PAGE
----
July 31, 2017
By David Little
Digital signage network operators know the implementation process can be long and tedious. To make things worse, it is often akin to a moving target, with success seeming ever elusive. It is important to understand why this is the case and what can be done about it.
It is not difficult today to find hundreds of examples showing how the addition of a digital signage network to an organization’s communications mix can reap a variety of rewards, including increased awareness, reduced printing costs, instant dissemination of information and a high degree of relevancy. Indeed, the benefits are as diverse as the breadth of potential applications.
What’s key to keep in mind is no such success comes automatically. Hanging a digital screen up on a wall and displaying a series of images is not, in itself, likely to reach anyone’s communication goals. Rather, the screen will become just one more sign to ignore, generating nothing more than background visual clutter.
A digital signage strategy requires a team effort, with key stakeholders at the table, to meet specific goals. Without collaboration between experienced professionals in the fields of information technology (IT), audiovisual (AV) systems, project management, marketing, finance and business leadership to guide the launch process, a new digital signage project is, more often than not, an expensive catastrophe in the making.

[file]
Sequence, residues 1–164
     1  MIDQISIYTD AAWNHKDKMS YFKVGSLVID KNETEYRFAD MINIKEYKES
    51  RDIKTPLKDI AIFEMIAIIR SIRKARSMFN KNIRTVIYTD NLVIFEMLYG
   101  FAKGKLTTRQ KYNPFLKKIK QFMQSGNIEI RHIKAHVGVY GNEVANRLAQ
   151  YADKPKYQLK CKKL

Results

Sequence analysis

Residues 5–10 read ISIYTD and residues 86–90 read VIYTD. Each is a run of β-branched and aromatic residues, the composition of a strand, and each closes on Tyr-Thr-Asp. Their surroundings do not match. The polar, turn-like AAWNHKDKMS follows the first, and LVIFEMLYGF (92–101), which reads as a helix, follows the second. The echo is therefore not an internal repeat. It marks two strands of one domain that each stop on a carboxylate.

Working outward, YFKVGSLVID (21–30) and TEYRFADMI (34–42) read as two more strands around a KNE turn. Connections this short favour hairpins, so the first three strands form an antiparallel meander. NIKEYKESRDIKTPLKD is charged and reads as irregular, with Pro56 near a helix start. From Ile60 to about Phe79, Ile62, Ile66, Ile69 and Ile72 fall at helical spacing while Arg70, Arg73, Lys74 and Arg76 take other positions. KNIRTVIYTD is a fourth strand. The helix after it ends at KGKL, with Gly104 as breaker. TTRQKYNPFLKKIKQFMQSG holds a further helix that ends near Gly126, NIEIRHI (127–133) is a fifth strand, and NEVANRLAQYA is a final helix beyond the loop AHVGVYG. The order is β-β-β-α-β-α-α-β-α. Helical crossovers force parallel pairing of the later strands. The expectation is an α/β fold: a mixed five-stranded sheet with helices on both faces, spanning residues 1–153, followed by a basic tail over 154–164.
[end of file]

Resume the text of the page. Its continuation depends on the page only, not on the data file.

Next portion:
Partners and vendors
Corporations, retailers, government agencies, hoteliers and building management firms, to name a few, are increasingly relying on vendors and partners to advance their communications goals and help circumvent potential pitfalls with respect to their digital signage projects.
This is a good approach to take.Otherwise, organizations that are new to the medium will frequently encounter unanticipated problems that waste both time and money, but could have been avoided with some foreknowledge and planning. These problems have been evident simply by observing the many digital signage failures of the past two decades.
Seven key steps
To help organizations achieve success—however they may specifically define and measure it—with their digital signage deployments, the following seven steps are recommended to make the planning and rollout experience smoother and more rewarding.
Digital signs can be used in many ways, from wayfinding systems, interactive informational kiosks and door signs to menu displays and reader boards, just to name a few. For any one of these applications to become successful, it should have a clear, concise and realistic purpose, well before all of the necessary pieces of the digital signage puzzle are assembled.
It is hard to put a puzzle together, after all, if no one knows what it is supposed to look like in the end. This is the time for the key stakeholders to do their homework and draft a vision.
2. Define the approach.
Some organizations’ approach to digital signage is to create buzz with advertising or enhance their customers’ experience, so as to generate additional revenue. Some support a self-serve process through interactivity. Others focus on communicating useful information with visual impact to the broader public. And still others aim to set the mood for their environment.
Whatever the approach (or combination of approaches), it is necessary to invest time, effort and forethought to develop a plan for achieving the organization’s goals successfully.